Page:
For the second year in a row, the University’s Women’s
Polo team has won the national championship.
The team comprises six student-athletes and the thousand-pound horses they call their co-stars.
The team last month defeated Colorado State University 18-14 to win the 2006 National Women’s Intercollegiate Tournament held
at Cornell University.
The win capped a perfect 27-0 season and yielded the UConn club sport’s fifth national title in
The team, which was formed in 1976, previously won championships in 1996, 1997,
1998 and 2005. It also enjoyed an undefeated season in 1998.
“This kind of season is fairly rare, but sometimes a team is so good, no one can defeat it,” said James Dinger, an associate professor of
animal science and the team’s
volunteer coach for 20 years.
For the past three years, Matt Syme, a former UConn Men’s Polo captain, has served as volunteer coach for the men’s and women’s teams, devoting more than 20 hours a week to the sport he picked up while a student at the University.
The Women’s Polo team entered the national championship tournament as Northeast Regional Tournament champion and was one
of seven teams competing for the title.
The others were Yale and Cornell universities, the University of Virginia, Colorado State University, Oregon State University, and the University of California
UConn defeated Oregon State 34-3 in the first round to advance to the finals against
UConn’s team is one of about
25 in the nation, which is divided into four regions.
Love of the sport
While for many the mention of polo conjures up images of well-to-do players swinging their mallets on perfectly manicured country club lawns, Dinger describes college-level arena polo as more akin to “hockey on horseback.”
Unlike athletes who play more high-profile collegiate sports, UConn polo players are not drawn to the team by substantial scholarships or the possibility of playing for professional teams after their college careers end.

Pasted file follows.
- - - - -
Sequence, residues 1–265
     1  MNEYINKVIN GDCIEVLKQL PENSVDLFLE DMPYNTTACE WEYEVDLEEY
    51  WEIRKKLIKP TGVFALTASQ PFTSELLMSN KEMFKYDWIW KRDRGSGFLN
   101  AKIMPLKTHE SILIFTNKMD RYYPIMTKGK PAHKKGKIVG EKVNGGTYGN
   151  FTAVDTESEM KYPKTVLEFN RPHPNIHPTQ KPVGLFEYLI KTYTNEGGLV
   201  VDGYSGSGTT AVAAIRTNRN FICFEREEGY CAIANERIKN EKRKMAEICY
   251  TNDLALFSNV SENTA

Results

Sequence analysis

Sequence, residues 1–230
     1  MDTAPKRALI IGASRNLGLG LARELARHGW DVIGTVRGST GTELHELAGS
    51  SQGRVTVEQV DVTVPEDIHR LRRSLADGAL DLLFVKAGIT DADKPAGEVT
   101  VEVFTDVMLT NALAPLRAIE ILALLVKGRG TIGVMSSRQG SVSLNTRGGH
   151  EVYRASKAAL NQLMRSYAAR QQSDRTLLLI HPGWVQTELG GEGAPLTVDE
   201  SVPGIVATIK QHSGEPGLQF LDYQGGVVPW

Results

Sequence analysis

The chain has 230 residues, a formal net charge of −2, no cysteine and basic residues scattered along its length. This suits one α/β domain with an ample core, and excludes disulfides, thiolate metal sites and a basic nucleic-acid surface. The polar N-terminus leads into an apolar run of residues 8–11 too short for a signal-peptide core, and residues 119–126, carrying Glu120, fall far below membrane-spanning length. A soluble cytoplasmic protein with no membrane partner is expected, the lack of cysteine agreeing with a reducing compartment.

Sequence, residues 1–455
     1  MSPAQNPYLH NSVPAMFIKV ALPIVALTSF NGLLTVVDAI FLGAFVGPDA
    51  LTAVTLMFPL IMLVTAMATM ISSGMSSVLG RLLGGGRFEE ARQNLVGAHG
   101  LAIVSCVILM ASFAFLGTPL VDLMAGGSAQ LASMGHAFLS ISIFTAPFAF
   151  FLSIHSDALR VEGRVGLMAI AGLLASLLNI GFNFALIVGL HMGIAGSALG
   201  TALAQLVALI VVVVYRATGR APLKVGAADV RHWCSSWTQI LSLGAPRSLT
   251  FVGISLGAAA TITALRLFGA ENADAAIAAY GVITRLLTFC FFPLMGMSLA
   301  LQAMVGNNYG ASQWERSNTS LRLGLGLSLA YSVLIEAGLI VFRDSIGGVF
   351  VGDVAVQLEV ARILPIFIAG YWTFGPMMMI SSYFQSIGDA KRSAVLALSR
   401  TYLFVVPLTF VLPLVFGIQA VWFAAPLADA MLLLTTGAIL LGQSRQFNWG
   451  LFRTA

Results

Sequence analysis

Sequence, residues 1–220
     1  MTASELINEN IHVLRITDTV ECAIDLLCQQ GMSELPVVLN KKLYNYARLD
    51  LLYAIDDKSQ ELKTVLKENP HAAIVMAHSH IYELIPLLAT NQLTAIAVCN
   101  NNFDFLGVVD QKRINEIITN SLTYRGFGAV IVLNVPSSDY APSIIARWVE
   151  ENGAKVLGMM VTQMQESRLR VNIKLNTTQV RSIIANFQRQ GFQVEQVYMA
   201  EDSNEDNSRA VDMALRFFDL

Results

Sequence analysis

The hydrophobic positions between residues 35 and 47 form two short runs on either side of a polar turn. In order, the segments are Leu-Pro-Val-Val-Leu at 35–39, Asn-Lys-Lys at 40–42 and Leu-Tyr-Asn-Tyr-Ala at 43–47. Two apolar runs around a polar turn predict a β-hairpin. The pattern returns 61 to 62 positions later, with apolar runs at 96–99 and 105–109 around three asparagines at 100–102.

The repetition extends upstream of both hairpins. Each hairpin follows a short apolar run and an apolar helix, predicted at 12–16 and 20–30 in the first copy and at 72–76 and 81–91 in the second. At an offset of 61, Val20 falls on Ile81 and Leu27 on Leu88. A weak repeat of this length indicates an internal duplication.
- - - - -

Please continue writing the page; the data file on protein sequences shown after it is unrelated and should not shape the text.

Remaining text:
There are no professional polo teams.
They also have no tutors to accompany them on the road during their long season, which stretches from August to April.
Yet they must meet
the NCAA grade average requirements.
The women on the championship team play for love of the sport and actually pay $250 a semester for the privilege.
They often devote more than 20 hours a week to polo, caring for the horses and washing their tack after practice and after the men’s games before they go home.
|The Women’s Polo team with the 2006 National Intercollegiate Polo Championship trophy. From left, Kelly Wisner, Meaghan Scanlon, Amy Wisehart, Coach Matt Syme, Peter Rizzo of the U.S. Polo Association, Elizabeth Rockwell, and Lindsey Burbank.
|Photo supplied by James Dinger
Players on the men’s team care for the horses after the women’s games.
“It’s not a sport where you simply put down the ball at the end of the game,” Dinger said.
The professor and coach, who didn’t play polo until coming to UConn 29 years ago, said he attributes the team’s championship streak to the high school polo lessons and tournaments the club sponsors as both a recruitment tool and a means of keeping the horses fit.
He also cites the $1.7 million indoor polo arena built in 2001 on Horsebarn Hill, with a mix of University funds and private donations, calling it one of the most attractive collegiate polo facilities in the country.
“We use to play in the snow and ice and had to dig tunnels to drain the field when it rained,” he said.
“Now we can play year-round because of the indoor arena, and we’ve attracted a regular fan base.”
The games, which are played on Friday evenings and Sunday afternoons during the season, are free.
One group of spectators, with no affiliation to the team, traveled to Cornell University to cheer the team to victory at the national tournament.
They told Dinger they plan to enroll their granddaughter in polo lessons at UConn.
Another fan, who took polo lessons at UConn, initiated efforts to raise $25,000 for an endowed scholarship for the club that have already attracted $15,000 in donations.
The roster for UConn’s 2006 championship team was:
Lindsey Burbank (freshman) Montague, Mass.
Lauren Davies (senior) Southbury, Conn.
Elizabeth Rockwell (sophomore) Owings Mills, Md.
Meaghan Scanlon (junior) Lebanon, Conn.
Amy Wisehart (senior) Salem, Conn.
Kelly Wisner (sophomore) Upperco, Md.